the argument has been made, poorly, that paterno was running a top tier college football program, which required his full attention, increasing the likelyhood that he just never really noticed what was going on. the problem with that argument is that he had time to engage in other, unrelated activities, at the same time. clearly, he could engage, if it was important to him to do so. add to this the fact that he was told, point-blank, by an adult witness, of sandusky raping a child in the locker room shower, and apparently did nothing, beyond (so we are told, anyway) reporting the incident to the proper authorities. he never followed up, when it became clear sandusky was still there.

    all his (and the school’s) moralizing hot air to the contrary, those at-risk kids just weren’t important enough to him to waste scarce, allocable man-hours on, until it finally blew up in everyone’s faces. paterno didn’t, himself, commit those acts on those children, but he sure as hell facilitated them, by his acts of omission. in sandusky’s case, he may legitimately have a psychological problem, which he can’t control. he clearly knew it was wrong, but sought no help, but he at least has some excuse for what he did. paterno had none, making his culpability even worse, in my opinion. how many children wouldn’t have been victims, had coach joe got off his ass, and inquired within, when it became apparent that nothing was being done with sandusky, in spite of the eye witness testimony of an adult? i have no idea, but even one is one too many, and paterno bears the blame for that child’s victimization, every bit as much as sandusky does. you just can’t apologize that away.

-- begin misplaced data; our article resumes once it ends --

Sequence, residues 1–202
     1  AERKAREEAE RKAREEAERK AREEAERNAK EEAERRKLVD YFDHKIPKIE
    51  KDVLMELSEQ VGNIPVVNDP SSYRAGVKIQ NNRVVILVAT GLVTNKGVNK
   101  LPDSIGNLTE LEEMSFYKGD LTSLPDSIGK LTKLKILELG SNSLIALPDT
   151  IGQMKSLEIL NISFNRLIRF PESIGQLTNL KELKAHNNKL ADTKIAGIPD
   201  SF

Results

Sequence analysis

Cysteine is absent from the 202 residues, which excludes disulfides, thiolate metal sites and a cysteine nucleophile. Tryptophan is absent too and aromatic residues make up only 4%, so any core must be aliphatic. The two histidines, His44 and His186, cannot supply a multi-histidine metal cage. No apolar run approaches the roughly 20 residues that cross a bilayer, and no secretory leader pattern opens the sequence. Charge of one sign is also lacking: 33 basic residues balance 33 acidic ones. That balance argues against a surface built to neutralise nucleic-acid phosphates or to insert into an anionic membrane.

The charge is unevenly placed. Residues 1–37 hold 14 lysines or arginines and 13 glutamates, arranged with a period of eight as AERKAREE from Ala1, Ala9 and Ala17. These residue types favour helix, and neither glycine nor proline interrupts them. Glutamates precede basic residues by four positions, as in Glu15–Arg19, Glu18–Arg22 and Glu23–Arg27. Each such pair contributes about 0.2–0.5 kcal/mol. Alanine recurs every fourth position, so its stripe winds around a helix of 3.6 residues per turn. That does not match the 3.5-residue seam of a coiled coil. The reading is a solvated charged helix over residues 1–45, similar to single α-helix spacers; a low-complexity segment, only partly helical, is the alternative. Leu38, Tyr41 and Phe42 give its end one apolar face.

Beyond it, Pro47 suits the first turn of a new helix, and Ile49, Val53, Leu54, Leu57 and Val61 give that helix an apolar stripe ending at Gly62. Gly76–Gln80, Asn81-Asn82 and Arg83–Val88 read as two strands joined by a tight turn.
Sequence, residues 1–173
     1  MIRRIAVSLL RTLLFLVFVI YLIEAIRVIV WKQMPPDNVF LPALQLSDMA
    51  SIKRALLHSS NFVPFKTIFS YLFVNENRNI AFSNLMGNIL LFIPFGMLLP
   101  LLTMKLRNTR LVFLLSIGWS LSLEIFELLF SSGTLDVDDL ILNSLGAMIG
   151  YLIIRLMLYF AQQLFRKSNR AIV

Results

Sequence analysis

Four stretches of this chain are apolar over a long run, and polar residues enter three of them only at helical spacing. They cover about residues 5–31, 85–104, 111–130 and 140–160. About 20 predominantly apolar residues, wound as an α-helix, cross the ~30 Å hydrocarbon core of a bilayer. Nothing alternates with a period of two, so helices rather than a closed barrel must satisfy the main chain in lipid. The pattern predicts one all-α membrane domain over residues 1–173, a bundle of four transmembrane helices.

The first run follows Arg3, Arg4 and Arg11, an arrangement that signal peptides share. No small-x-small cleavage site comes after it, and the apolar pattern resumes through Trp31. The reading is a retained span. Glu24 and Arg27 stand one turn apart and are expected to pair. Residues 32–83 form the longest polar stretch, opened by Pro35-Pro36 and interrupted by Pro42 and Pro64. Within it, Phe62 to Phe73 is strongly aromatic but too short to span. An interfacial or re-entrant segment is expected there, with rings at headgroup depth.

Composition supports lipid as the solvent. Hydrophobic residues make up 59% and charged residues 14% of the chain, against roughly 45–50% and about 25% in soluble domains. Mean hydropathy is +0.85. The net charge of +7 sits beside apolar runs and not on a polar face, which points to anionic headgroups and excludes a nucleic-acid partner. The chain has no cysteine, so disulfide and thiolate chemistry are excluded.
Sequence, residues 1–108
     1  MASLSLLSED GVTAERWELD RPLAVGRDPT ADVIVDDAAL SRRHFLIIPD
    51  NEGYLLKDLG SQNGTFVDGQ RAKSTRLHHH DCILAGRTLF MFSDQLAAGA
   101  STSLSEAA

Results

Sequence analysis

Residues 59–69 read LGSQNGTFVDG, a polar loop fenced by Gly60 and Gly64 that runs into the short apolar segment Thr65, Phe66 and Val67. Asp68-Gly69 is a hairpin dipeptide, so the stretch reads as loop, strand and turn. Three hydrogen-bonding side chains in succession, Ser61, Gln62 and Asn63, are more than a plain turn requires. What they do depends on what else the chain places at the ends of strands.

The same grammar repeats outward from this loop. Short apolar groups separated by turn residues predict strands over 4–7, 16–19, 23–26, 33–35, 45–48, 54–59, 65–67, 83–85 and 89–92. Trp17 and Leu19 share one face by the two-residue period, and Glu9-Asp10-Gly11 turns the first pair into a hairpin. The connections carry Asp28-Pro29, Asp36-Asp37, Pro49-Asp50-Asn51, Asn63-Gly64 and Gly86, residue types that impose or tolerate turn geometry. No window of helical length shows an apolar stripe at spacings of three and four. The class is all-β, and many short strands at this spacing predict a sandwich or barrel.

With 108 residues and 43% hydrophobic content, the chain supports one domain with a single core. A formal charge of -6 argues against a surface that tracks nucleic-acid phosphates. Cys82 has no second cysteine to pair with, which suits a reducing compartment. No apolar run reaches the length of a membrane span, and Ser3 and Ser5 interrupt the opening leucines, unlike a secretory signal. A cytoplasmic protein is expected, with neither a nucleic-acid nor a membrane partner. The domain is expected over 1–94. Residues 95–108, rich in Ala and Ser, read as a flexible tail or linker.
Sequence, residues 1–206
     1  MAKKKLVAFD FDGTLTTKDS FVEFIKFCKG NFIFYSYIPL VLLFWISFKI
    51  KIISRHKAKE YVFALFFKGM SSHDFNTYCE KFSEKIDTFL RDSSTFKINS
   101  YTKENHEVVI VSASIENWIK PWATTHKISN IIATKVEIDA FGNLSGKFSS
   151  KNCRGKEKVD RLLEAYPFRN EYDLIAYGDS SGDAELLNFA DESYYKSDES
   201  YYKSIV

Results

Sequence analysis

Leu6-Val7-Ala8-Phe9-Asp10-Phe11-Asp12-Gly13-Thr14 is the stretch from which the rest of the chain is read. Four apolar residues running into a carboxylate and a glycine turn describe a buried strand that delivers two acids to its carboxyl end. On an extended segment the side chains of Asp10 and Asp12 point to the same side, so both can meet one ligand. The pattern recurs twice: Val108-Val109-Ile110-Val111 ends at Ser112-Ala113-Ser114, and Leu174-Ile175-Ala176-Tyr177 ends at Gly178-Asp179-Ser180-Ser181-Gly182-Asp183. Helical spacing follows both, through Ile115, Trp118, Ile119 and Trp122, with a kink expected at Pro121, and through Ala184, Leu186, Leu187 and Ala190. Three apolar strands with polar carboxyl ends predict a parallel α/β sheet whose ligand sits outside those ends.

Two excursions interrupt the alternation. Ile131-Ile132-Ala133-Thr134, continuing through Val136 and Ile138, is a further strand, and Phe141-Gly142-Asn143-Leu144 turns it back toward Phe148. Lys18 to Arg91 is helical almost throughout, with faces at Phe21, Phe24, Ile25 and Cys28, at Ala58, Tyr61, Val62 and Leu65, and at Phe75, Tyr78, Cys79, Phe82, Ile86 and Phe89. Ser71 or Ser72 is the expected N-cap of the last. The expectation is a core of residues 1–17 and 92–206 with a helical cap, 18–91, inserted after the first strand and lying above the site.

• emjayay says:

      Why do certain people think it’s cool or something to write without bothering to capitalize (the first letter of) the first word in the sentence? Why not write backwards or upside down or in a language of your own invention while you’re at it?

      Like Germans still do, we used to capitalize nouns. Then we realized we didn’t really need to, but retained the capitalization of proper nouns because that has some utility. We also retained capitalization of the first word in a sentence because that is also a useful convention.

      If your aren’t e e cummings, and you aren’t writing poetry, please discover those shift keys. There is one at each side of the keyboard.

  11. mch says:

    How much of a role in this mix was played by the RC hierarchy’s standard response to child molestation and rape? Let’s grant for argument’s sake (I tend to believe it actually to be true) that Joe P was a thoughtful and decent man (in conventional terms — terms not to be sneezed at) who believed in “education” and “football” with equal passion. And in the god and world of his RC conventional piety (again, nothing to be sneezed at, however easy it is to jab at all that). Would this Joe P — a very decent (if flawed, like all of us) man have responded differently, after his antennae were definitely up after 1998, if the models provided him by the RC hierarchy he attended to had provided real and proper moral leadership? He very likely would have, I think.
    A lesson to the RC hierarchy, and to us all.